BYE, BYE, BYE?
It’s not easy being teen superstars these days. At least not if your last name is Hanson. Since its May 9 release, This Time Around, the once-high-flying trio’s new CD, has slid down the Billboard 200 chart (last week, it sat at No. 153), shocking for a band whose Middle of Nowhere (1997) went quadruple platinum. Sales could still pick up, but based on the tepid reaction to its first two singles, that seems increasingly unlikely.
What went wrong? For one thing, Hanson may have waited too long between albums, instead releasing forgettable cash-in discs of early demos and live tracks. More damaging, though, is the new disc’s dearth of standout tunes that make you go MMM. ”MMMBop’ was what made [Nowhere] sell,” says John King of ”MMMBop” producers the Dust Brothers. ”That was a wonderful hit song. A once-in-a-lifetime achievement.” The band has maintained a loyal following, but not the type that mainstream radio demands. ”Our research shows that they are [mostly] popular with the super-young end of the audience, who aren’t going to do us any good ratings-wise. So we’re not really dying to play Hanson,” says Harry Legg, music director of Chicago Top 40 station 92 KISS FM. Plus, ”there’s a glut of teen music. How many boy bands can a radio station play?”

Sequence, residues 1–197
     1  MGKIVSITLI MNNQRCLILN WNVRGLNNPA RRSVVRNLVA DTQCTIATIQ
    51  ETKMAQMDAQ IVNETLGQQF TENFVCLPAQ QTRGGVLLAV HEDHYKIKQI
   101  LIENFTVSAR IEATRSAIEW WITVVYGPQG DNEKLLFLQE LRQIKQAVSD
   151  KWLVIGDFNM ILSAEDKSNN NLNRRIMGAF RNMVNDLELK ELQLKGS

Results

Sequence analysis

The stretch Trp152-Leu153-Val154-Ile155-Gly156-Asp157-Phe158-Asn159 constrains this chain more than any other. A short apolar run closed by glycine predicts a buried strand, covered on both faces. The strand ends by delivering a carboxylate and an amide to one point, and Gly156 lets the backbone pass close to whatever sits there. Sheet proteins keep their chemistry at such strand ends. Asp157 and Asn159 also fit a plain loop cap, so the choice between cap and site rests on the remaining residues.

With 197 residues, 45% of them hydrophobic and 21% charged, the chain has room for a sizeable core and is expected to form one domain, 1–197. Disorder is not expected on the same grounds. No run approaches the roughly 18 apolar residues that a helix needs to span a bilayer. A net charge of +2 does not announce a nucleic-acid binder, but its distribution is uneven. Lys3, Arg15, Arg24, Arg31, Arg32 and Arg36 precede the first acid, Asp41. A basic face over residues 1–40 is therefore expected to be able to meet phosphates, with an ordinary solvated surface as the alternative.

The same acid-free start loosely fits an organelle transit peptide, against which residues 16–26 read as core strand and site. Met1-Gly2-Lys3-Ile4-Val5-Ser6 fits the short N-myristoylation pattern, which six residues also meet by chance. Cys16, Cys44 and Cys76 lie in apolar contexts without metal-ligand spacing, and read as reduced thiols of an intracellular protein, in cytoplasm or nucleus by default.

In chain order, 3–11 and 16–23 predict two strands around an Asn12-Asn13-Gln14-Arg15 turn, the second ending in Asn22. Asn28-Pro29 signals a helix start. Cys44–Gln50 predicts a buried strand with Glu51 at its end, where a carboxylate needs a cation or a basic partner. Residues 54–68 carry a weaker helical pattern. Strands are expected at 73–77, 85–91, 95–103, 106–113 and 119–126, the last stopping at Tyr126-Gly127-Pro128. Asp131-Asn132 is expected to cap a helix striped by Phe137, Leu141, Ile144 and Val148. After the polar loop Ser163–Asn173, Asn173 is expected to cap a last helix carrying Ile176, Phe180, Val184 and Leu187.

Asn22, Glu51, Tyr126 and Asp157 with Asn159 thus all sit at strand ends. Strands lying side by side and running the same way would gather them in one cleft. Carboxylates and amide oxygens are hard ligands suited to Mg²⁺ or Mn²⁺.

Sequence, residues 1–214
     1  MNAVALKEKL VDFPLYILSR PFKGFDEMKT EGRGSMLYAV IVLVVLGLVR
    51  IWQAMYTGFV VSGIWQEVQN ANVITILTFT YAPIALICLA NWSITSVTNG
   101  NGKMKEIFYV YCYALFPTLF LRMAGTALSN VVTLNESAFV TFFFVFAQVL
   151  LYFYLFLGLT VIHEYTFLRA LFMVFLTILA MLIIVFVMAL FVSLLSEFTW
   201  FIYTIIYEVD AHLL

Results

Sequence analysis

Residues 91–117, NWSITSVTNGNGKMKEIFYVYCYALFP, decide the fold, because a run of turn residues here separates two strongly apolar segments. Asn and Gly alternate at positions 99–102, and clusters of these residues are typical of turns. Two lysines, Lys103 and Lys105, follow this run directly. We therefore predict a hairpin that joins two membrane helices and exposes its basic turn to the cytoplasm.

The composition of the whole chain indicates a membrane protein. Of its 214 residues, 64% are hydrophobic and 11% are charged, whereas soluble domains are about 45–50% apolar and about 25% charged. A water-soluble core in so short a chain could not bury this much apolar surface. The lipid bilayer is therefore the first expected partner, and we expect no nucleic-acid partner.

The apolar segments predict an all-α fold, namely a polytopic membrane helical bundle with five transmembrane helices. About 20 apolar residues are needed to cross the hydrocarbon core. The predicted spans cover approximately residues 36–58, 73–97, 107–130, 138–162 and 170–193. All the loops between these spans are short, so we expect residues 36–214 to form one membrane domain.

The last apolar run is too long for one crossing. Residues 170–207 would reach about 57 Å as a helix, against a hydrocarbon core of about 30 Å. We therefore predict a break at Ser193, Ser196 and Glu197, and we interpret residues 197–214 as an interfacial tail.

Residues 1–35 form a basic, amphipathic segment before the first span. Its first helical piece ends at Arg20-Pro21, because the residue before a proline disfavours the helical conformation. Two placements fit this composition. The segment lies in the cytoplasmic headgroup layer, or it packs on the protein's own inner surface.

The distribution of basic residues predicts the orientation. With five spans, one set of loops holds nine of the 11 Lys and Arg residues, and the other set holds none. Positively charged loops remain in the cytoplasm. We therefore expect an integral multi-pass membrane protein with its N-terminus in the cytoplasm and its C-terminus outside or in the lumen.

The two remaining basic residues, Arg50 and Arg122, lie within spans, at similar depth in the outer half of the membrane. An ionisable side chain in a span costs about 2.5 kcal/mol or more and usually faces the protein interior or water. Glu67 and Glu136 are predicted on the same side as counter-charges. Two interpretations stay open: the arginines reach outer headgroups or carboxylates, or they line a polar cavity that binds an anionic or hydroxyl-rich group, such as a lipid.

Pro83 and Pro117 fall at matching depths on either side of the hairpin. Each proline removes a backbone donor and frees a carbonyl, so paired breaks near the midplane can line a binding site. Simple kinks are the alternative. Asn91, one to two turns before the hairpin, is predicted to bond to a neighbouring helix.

Not surprisingly, Hanson’s label is desperate to distance them from those other boy bands. ”All I want is to reestablish their reputation as a truly credible rock & roll band, a staple in the music community for years to come,” says Island Def Jam chairman and CEO Jim Caparro. ”They’re prepared to say, ‘Okay, we’re not going to sell numbers like the Backstreet Boys or ‘N Sync right now. That’s cool…. This is all about us getting our music across and being able to reconnect in an artistic way.’ I believe in their artistry, and I believe in them as long-term artists that we’re going to build this company around.”
Not impossible, according to King: ”It’s very difficult to maintain a long career. But Hanson are really dedicated and they’re not going to stop if this record doesn’t do well. They’re going to keep making music because they’re good at it.”